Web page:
The best live albums capture a moment in time. For those who went to a show on the tour this will be a nostalgic and potentially emotional listen, but for the rest it will serve as a sort of greatest hits', a reminder of what an accomplished and well-loved band we will be missing in the next few years. "Anthology", while far from perfect, is a logical, satisfying and well-executed end to this chapter in the band's history.

14 comments sorted by best / new / date

    The Alchemy Indexes are still some of my favorite albums. Best of luck to them in whatever they move on to do.
    Great review but it pains me to read that the writer thinks Dustin's scream is worse now, imo it is soooo much better but oh wells
    I haven't heard Anthology yet (waiting for my Amazon preorder), but I agree, Dustin's lower, near-death growl scream is a ****ing powerhouse.
    I listened to the online stream they had last week and was pretty satisfied. The only real sound issue was digital crackling/popping on the drums in Daedalus. That aside, like the review mentions, their newer work just sounds a lot fresher. Some of the guitar work on Artist in the Ambulance (in particular) isn't as solid as it used to be, the backing screams are awful, etc. I've followed these guys since 2003 and they've always brought something interesting to the table; I even find new things listening to their old material still. They'll be missed.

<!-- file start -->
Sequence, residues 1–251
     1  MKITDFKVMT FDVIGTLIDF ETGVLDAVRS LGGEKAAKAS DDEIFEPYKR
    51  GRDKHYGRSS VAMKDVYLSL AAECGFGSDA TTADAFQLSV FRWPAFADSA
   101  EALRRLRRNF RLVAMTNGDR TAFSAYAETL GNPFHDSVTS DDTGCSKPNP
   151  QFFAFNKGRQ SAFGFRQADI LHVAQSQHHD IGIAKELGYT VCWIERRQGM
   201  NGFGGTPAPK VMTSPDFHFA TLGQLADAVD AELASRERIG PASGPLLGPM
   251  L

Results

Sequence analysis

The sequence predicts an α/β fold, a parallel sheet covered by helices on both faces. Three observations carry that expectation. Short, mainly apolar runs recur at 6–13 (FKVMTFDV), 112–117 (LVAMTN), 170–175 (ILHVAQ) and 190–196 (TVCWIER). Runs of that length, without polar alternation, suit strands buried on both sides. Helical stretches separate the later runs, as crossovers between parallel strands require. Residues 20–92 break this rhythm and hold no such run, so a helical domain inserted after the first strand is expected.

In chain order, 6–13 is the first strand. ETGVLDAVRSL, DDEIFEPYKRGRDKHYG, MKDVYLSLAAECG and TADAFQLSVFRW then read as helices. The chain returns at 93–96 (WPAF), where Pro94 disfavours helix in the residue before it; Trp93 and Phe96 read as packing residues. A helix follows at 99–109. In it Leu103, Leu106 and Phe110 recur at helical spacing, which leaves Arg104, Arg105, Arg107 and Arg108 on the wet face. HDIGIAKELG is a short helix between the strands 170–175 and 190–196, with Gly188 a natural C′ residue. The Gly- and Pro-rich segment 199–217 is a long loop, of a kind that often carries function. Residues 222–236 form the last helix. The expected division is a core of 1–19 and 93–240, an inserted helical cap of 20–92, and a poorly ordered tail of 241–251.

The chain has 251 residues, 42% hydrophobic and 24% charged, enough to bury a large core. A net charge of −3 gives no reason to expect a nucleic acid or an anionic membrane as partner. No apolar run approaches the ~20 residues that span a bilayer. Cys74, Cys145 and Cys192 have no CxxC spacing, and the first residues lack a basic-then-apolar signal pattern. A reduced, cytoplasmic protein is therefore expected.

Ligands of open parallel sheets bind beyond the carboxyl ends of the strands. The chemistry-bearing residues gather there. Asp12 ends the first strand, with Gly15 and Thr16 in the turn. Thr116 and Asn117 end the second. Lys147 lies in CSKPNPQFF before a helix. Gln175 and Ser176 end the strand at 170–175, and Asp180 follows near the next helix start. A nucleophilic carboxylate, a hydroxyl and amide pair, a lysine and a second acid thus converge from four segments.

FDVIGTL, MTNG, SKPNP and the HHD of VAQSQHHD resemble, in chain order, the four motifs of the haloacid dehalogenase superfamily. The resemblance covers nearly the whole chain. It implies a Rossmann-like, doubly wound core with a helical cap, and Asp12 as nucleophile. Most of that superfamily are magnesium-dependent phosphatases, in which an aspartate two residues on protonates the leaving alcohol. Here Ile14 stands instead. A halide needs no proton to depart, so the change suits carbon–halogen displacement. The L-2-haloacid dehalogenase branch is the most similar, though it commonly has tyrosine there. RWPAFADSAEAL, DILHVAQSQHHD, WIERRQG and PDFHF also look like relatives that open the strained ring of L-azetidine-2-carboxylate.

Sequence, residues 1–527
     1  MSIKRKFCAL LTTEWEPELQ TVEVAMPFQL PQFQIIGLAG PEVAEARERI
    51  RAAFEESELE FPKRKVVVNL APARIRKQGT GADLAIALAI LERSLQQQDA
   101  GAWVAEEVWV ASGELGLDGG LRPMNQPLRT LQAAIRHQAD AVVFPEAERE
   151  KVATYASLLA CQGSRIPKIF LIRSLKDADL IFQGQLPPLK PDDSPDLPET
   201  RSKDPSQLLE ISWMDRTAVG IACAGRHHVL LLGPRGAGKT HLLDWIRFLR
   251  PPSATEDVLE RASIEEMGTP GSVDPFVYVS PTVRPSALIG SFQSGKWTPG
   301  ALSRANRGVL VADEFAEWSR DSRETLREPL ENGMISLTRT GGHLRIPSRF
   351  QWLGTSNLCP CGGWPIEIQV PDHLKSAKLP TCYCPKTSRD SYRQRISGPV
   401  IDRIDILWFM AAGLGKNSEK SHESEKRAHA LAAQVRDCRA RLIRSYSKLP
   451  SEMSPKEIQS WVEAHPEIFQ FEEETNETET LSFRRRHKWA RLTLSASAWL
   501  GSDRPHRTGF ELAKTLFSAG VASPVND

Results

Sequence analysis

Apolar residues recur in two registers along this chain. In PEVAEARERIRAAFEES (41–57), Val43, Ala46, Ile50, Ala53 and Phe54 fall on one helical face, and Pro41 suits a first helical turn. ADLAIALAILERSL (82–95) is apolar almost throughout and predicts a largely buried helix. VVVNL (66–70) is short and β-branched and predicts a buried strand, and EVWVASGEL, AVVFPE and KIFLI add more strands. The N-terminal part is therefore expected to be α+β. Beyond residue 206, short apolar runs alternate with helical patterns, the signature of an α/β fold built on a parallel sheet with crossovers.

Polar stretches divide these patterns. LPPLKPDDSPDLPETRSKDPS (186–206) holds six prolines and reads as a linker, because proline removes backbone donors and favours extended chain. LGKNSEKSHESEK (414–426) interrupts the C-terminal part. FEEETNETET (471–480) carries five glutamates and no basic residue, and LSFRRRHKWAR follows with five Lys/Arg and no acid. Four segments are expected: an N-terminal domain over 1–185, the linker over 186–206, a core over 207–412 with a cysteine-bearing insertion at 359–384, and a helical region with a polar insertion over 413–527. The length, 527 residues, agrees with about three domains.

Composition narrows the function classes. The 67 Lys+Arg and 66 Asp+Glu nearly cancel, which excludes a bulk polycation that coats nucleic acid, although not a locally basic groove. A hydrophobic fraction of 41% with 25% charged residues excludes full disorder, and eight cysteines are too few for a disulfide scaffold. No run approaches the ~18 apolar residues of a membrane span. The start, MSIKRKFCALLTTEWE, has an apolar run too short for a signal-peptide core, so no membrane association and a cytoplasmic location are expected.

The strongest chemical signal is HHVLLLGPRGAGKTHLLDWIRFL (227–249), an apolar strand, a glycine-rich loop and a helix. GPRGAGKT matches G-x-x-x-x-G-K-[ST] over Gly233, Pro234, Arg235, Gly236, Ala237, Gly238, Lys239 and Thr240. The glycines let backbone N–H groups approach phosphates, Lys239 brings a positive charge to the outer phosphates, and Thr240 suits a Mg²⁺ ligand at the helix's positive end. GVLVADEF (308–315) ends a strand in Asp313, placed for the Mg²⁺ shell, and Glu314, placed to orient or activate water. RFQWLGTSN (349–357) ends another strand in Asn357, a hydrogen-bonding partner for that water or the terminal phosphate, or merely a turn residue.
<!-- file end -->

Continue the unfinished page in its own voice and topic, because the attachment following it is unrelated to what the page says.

I went to the farewell show in Philly and got a shirt and poster. As soon as I heard they were releasing this I pre-ordered the vinyl off of Amazon and drove around yesterday looking for the CD, i couldn't find it so I downloaded it off of Amazon. Listened to it at work today and I was very impressed and happy about it, going to listen to it again. Kind of lame they didn't get "Helter Skelter" on there because I heard it at the show, I guess it was legal issues with it or they didn't play it at the recording show.
    Just recently got into these guys after advice from my friend while driving to a Coheed concert. Picked up the Alchemy Indexes right away. Such an amazing band, Beggars is next.
    Also wanted to add that this is a great review. I've noticed a lot of reviews of them are either extremely glowing or a fan of pre-vheissu material waxing nostalgically over what could have been. This is well written and one of the better reviews I've read on here. Kudos.
    I saw them on the farewell tour in Chicago and I bet my drummer who was there with me that they would close with Anthology because I felt like that was why they wrote the song. They closed with it on the second encore.
    I've said it once and I'll say it again, Thrice are one the the greatest band of this era. The Alchemy Indexes(Indices?), Beggars and Major/Minor are all simply perfection.
    Big fan of all their stuff. Loved identity, illusion and artist immediately, and grew into being a fan of the rest. It will always be a disappointment that I never got the chance to see them live. Especially on the vheissu tour. Would've been glad to see any tour, but that one in particular was the one I wanted to see most.